Ok so it’s lockdown and I started Huel a few weeks ago. I researched everything I could about Huel, does it taste good, worth the money, how to use it, and I found a friend who had a refer a friend code and set to buying the Huel starter pack (black edition).
I ordered chocolate and vanilla as I figured I could incorporate other things into the vanilla and chocolate I could power through if I needed to.
The first day I tried the vanilla, not unpleasent quite oaty, but a little sweet for me, the next day I tried the chocolate, too powdery for my pallette but tasted good.
Then on the third third day I thought what would happen if I mixed the two together.
1 scoop of each and awesomeness happens! Sweet, full bodied flavour, no powdery taste #win! Have not looked back. Try it for yourself and let me know what you think.
Instant coffee - big old tablespoon, no need to dissolve in warm water, instant coffee dissolves just fine in cold water
Espresso - add in a shot or 2 into your water, add Huel and shake. You might want to add some ice as the espresso will obviously warm the water a little bit
Cold brew - make your own cold brew concentrate and add a double shot to Huel, shake it and pretend it’s an espresso martini
Full coffee maxxxx v3.0 - make a cafetiere of coffee, leave it on the side and forget to drink it, pour remainder into an empty Huel shaker and chill it, then use this as the water component for your Huel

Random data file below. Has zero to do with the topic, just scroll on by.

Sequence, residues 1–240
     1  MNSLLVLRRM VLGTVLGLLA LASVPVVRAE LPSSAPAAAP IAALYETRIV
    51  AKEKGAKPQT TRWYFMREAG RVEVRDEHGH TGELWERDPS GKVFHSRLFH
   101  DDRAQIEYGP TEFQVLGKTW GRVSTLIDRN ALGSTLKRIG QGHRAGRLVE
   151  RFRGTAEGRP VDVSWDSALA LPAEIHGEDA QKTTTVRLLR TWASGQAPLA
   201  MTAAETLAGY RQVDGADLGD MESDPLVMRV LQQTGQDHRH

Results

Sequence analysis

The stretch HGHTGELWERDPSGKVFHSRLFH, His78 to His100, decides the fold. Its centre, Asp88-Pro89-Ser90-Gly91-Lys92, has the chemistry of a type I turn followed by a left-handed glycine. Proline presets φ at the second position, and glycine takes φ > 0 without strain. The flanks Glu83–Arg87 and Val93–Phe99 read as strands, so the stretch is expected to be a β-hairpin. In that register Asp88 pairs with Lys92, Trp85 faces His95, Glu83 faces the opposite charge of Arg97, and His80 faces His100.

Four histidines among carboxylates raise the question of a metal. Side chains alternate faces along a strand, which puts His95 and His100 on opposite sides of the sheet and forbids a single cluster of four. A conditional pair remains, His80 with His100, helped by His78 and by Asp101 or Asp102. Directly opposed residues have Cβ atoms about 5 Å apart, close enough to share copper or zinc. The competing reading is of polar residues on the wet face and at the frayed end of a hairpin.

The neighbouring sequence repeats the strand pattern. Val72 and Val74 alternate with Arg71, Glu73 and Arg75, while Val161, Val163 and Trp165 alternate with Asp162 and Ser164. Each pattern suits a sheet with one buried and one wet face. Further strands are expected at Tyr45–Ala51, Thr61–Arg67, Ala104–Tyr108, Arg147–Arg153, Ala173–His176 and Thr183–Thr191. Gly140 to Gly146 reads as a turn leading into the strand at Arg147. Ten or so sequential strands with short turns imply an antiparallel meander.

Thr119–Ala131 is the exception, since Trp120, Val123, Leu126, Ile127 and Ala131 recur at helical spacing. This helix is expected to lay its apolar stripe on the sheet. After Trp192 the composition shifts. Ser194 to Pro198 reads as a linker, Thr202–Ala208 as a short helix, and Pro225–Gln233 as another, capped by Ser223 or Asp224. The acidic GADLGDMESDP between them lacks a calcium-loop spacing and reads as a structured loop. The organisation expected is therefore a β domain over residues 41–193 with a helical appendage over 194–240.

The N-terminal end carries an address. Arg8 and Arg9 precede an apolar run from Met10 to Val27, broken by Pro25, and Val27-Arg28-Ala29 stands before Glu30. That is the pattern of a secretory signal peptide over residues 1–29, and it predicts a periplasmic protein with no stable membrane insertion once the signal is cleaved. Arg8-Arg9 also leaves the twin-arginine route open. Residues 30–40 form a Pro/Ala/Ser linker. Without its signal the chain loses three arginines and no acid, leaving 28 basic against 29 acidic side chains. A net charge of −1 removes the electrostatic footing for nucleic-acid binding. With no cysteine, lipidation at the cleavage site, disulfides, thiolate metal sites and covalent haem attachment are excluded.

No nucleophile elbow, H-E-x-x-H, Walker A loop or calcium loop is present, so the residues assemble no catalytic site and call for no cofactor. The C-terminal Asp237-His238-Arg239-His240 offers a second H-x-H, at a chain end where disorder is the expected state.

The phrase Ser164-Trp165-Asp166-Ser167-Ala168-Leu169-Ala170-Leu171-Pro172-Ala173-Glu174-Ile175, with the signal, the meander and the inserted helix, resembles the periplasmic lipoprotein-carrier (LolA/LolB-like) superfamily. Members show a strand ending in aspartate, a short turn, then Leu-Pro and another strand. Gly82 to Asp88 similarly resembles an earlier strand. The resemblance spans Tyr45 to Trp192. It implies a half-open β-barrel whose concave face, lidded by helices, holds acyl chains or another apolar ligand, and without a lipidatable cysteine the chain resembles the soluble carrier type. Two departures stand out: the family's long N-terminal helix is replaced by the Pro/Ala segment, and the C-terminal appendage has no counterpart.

Hope that helps, yes I have drunk lots of coffee today.
Almonds are really bad for sustainability if you worry about that sort of thing. Oat milk seems to have currently cornered the market in terms of least environmental impact. Sorry to be a hippy. But seriously, current production of almond milk has major issues.
Depends where it’s being produced. Large scale almond farming in California is clearly an issue due to water usage. Almond farming in the Mediterranean can actually be done without the need for additional large scale irrigation and so is far more sustainable. I suggest doing your brand research as some brands such as Alpro in Europe don’t use Californian almonds and source only from sustainable farms in the Mediterranean.
This is not necessarily true. If was to get cow milk from the farm shop down the road it will carry considerably less environmental damage per litre than almond milk from California or soy milk from Japan.
Incidentally I don’t drink any of them personally (and I live in the City so there aren’t any farm shops!) but the point I’m making is we can’t just say ‘X is always better than Y’.
Actually, this is not true. The concept of “eat local” has been hyped up but the travel miles of food is only one component of what makes something a sustainable option. In the case of dairy milk, the methane emitted, land required to feed the cows and water to grow the feed all mean it is a less sustainable option than even the worst farmed plant milk grown on the other side of the planet. Google ‘eat local vs plant based’ for lots of articles and links to studies.
This is in danger of veering too far off topic but I completely disagree. It’s just a fact that there are plenty of plant farming practices that are every bit as damaging as animal farming and there are also examples of sustainable animal farming (granted far fewer of these).
I imagine we’ll not agree on this so I’ll leave it there (unless there’s a topic specifically for this debate!)